The Yuanmou Man, a Homo erectus fossil unearthed by railway engineers in the 1960s, has been determined to be the oldest-known hominid fossil in China. By the Neolithic period, there were human settlements in the area of Lake Dian. These people used stone tools and constructed simple wooden structures.
Around the 3rd century BC, the central area of Yunnan around present day Kunming was known as Dian. The Chu general Zhuang Qiao (庄跤) entered the region from the upper Yangtze River and set himself up as "King of Dian". He and his followers brought into Yunnan an influx of Chinese influence, the start of a long history of migration and cultural expansion.
The history of Yunnan, province in the People's Republic of China, can date back to Yuanmou Man, a Homo erectus fossil unearthed by railway engineers in the 1960s, has been determined to be the oldest known hominid fossil in China. By the Neolithic period, there were human settlements in the area of Lake Dian. These people used stone tools and constructed simple wooden structures.
Historically, Yunnan has been peripheral to the Chinese empire. Its location in the southwesternmost corner of China and the strong ethnic identities of its peoples helped perpetuate the region's strong tendency towards wanting to be autonomous. The peoples of Yunnan have also been subject to cultural and political influences from Burma.
The Kingdom of Dian
The Dian Culture was distributed around the Lake Dian area and dated, though controversial, between the sixth century BC and the first century AD. For this long period of development, the Dian Culture can be partitioned into an early and late phase, with 109 BC, the year when the "Kingdom of Dian" officially became a vassal state of the Han empire, as the watershed year between these two periods.
In 109 BC, Emperor Wu sent General Guo Chang (¹ù²ý) south to Yunnan, establishing Yizhou commandery and 24 subordinate counties. The commandery seat was at Dianchi county (present day Jinning ½úÄþ). Another county was called "Yunnan", probably the first use of the name. To expand the burgeoning trade with Burma and India, Emperor Wu also sent Tang Meng (ÌÆÃÉ) to maintain and expand the Five Foot Way, renaming it "Southwest Barbarian Way" (Î÷ÄÏÒÄµÀ). By this time, agricultural technology in Yunnan had markedly improved. The local people used bronze tools, plows and kept a variety of livestock, including cattle, horses, sheep, goats, pigs and dogs. Anthropologists have determined that these people were related to the people now known as the Tai. They lived in tribal congregations, sometimes led by exile Chinese.
In the Records of the Grand Historian, Zhang Qian (d. 113 BC) and Sima Qian (145-90 BC) make references to "Sendhuk", which may have been referring to the Indus Valley (the Sindh province in modern Pakistan), originally known as "Sindhu" in Sanskrit. When Yunnan was annexed by the Han Dynasty, Chinese authorities also reported a Sendhuk" (Indian) community living in the area.
In 109 AD, the Han court established Yunnan county, a part of Yizhou (ÒæÖÝ) commandery. Because the county seat was south of Mount Yun (ÔÆÉ½), the county was named "Yunnan" - literally "south of Yun". The name was also considered highly auspicious.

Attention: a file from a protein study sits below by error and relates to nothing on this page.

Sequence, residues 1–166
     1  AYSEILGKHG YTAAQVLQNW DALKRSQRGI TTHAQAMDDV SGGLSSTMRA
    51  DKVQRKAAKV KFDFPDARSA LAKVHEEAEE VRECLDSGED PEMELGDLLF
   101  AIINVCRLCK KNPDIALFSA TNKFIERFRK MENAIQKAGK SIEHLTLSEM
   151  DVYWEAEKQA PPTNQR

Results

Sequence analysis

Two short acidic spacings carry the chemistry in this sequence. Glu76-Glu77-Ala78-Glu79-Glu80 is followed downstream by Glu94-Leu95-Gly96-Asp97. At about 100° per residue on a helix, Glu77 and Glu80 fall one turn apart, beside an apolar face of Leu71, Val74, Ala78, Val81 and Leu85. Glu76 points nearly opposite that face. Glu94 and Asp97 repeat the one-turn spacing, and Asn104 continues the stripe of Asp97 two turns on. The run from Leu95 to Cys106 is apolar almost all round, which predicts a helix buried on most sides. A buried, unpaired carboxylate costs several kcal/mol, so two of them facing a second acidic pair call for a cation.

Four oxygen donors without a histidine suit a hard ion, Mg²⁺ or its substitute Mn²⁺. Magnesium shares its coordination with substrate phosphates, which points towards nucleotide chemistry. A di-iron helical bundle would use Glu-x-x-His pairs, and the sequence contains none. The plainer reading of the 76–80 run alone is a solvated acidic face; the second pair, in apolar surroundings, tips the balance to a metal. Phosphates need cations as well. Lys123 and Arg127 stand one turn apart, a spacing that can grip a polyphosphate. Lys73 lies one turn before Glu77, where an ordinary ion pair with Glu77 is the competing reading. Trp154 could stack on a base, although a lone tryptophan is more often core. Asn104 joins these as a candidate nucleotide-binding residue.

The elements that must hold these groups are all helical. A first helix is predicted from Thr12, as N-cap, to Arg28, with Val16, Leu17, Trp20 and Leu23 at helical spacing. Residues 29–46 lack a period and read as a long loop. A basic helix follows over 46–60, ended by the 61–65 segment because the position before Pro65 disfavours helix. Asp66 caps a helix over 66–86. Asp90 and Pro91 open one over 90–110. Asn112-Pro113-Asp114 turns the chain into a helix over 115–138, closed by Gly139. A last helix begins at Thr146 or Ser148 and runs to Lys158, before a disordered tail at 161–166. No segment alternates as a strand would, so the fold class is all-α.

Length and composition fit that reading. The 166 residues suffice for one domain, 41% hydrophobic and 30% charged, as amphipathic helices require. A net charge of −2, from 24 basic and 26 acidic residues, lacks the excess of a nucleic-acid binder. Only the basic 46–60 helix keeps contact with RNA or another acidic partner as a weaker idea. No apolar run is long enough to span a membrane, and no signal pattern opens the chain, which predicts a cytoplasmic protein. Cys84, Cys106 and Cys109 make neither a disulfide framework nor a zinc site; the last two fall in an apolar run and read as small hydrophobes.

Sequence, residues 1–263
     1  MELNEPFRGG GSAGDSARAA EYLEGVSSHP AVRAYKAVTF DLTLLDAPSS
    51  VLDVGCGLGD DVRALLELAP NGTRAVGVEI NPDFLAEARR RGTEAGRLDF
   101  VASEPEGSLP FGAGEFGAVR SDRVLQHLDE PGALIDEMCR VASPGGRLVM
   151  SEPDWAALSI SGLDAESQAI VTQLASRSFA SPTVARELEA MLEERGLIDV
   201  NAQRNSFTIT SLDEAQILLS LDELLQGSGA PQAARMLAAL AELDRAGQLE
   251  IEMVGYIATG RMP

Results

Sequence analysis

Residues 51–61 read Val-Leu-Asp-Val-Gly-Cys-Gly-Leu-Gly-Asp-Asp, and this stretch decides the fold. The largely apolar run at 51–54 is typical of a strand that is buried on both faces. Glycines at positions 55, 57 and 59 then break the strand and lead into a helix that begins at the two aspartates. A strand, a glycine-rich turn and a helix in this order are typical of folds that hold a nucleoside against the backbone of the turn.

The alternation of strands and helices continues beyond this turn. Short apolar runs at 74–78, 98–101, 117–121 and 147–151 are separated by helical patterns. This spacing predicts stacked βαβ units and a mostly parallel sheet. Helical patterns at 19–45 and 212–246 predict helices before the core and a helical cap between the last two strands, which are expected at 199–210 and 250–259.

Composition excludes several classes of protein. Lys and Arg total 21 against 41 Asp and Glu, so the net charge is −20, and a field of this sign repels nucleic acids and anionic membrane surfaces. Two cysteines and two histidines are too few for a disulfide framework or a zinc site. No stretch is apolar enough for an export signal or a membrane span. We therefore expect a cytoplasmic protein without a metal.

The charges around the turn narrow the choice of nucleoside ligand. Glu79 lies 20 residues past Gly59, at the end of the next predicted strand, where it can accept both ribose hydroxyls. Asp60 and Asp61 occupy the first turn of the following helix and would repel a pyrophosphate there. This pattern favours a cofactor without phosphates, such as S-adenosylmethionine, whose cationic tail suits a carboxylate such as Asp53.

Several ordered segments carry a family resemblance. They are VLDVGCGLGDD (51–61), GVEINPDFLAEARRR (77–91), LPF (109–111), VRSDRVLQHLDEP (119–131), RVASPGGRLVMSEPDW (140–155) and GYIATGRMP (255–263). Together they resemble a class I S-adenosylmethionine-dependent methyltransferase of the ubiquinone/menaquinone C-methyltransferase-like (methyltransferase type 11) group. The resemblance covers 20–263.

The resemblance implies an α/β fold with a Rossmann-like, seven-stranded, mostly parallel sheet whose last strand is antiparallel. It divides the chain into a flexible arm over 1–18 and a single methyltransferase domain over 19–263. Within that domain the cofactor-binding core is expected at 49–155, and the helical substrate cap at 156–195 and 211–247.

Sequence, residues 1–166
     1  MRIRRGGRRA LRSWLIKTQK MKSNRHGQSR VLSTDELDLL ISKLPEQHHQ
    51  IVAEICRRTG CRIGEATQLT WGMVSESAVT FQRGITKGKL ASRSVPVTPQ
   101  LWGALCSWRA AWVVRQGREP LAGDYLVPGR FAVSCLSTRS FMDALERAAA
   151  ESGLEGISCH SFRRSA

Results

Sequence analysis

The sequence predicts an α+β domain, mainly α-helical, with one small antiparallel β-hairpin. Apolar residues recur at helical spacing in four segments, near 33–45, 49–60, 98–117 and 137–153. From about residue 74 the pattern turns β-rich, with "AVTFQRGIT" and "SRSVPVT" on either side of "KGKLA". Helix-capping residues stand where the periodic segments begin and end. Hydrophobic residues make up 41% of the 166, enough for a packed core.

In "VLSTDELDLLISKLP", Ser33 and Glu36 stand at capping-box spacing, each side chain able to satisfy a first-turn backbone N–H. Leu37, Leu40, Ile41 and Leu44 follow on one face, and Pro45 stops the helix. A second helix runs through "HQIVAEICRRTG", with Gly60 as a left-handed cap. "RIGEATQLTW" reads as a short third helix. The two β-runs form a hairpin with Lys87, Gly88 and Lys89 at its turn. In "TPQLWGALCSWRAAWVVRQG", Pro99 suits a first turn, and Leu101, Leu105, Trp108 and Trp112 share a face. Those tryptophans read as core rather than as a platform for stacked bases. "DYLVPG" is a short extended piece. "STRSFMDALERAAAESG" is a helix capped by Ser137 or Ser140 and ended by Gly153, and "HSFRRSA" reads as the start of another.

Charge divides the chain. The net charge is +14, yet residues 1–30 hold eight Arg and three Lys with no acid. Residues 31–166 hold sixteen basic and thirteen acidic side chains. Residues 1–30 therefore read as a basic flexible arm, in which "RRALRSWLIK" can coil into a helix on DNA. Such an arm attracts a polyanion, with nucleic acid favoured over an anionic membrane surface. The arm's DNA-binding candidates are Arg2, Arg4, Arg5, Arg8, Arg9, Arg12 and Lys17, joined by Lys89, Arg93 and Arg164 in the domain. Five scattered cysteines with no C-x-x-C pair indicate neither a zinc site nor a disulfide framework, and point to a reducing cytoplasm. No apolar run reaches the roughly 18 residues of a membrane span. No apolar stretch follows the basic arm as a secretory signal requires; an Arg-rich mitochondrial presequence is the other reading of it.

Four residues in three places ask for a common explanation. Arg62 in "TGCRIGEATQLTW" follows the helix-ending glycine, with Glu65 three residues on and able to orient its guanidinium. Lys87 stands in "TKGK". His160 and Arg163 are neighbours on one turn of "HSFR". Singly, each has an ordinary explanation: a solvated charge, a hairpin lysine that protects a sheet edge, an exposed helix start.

Yunnan under the Mongol Empire and the Yuan Dynasty
The Mongols established regular and tight administrative control over Yunnan. In 1253 Mongke Khan of the Mongol Empire dispathced the prince Kublai to take Yunnan. The Mongols swept away numerous native regimes, including the leading Dali kingdom. Later Yunnan became one of the ten provinces set up by Kubilai Khan.
Kublai Khan appointed Turkmen Sayyid Ajjal Shams al-Din Omar governor in Yunnan in 1273. Before that, the area had been ruled by a local king and a Mongol prince under the Great Khan. The Yuan provincial authorities conferred various titles on many native chieftains, who were obliged to pay taxes. When the Mongols were expulsed from China in 1368, Yunnan was thrown into chaos and anarchy for a number of years. The Ming Dynasty defeated the last of the Yuan loyalists in 1381.
The newly-proclaimed Ming Dynasty did not send armies into Yunnan until 1381. The central government allowed the general Mu Ying, foster son of dynastic founder Zhu Yuanzhang, to set up a hereditary feudatory system in the province. Throughout the Ming, the Mu family developed tremendous influence in Yunnan.
From the end of the fifteenth century, the Toungoo Dynasty in Myanmar began encroaching on Yunnan. In the sixteenth century Chen Yongbin, the governor of Yunnan, held back a Myanmar invasion. After the war, he built eight passes along the border in Tengyue subprefecture to mark the demarcation between the two countries.
After the fall of the Ming in northern China, Yunnan became the last Southern Ming regime headed by Zhu Youlang. Supported by rebels-cum loyalists, he persisted in resistance against the Qing conquest even after the Qing capture of Kunming in 1659. Zhu and his men then fled into Myanmar to seek refuge in Ava, but were treated as prisoners. Zhu's armed followers savaged Upper Myanmar in an attempt to rescue him. General Wu Sangui, then still loyal to the Qing, invaded Myanmar in 1662 with a sizable army, and demanded Zhu's surrender. Although he hesitated, King Pye finally decided to hand Zhu over to avoid hostility.
Following the collapse of the Qing Dynasty in 1911, Yunnan came under the control of local warlords, who had more than the usual degree of autonomy due to Yunnan's remoteness. They financed their regime through opium harvesting and traffic.
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